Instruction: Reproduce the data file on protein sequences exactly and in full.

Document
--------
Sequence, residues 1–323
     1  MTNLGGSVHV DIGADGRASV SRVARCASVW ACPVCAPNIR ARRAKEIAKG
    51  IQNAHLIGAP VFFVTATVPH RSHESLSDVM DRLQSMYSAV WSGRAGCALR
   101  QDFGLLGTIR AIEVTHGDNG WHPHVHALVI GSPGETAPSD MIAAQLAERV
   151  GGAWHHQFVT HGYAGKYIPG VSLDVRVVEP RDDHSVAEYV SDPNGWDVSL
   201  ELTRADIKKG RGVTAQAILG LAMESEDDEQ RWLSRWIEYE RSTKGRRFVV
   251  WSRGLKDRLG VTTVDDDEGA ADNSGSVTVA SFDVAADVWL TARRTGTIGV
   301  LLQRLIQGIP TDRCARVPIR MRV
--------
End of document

Sequence, residues 1–323
     1  MTNLGGSVHV DIGADGRASV SRVARCASVW ACPVCAPNIR ARRAKEIAKG
    51  IQNAHLIGAP VFFVTATVPH RSHESLSDVM DRLQSMYSAV WSGRAGCALR
   101  QDFGLLGTIR AIEVTHGDNG WHPHVHALVI GSPGETAPSD MIAAQLAERV
   151  GGAWHHQFVT HGYAGKYIPG VSLDVRVVEP RDDHSVAEYV SDPNGWDVSL
   201  ELTRADIKKG RGVTAQAILG LAMESEDDEQ RWLSRWIEYE RSTKGRRFVV
   251  WSRGLKDRLG VTTVDDDEGA ADNSGSVTVA SFDVAADVWL TARRTGTIGV
   301  LLQRLIQGIP TDRCARVPIR MRV